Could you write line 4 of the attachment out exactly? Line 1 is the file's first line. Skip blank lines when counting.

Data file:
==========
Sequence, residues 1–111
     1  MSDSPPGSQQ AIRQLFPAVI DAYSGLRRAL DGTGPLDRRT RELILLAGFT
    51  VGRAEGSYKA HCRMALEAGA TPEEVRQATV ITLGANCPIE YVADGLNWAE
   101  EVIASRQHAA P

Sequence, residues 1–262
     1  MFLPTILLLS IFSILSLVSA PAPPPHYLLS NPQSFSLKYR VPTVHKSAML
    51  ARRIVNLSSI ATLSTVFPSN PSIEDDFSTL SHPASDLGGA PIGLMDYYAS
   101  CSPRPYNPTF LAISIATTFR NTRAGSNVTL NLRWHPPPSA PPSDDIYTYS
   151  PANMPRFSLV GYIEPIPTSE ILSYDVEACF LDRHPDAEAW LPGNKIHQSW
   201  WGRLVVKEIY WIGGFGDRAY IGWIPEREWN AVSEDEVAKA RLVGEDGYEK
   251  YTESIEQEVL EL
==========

   101  EVIASRQHAA P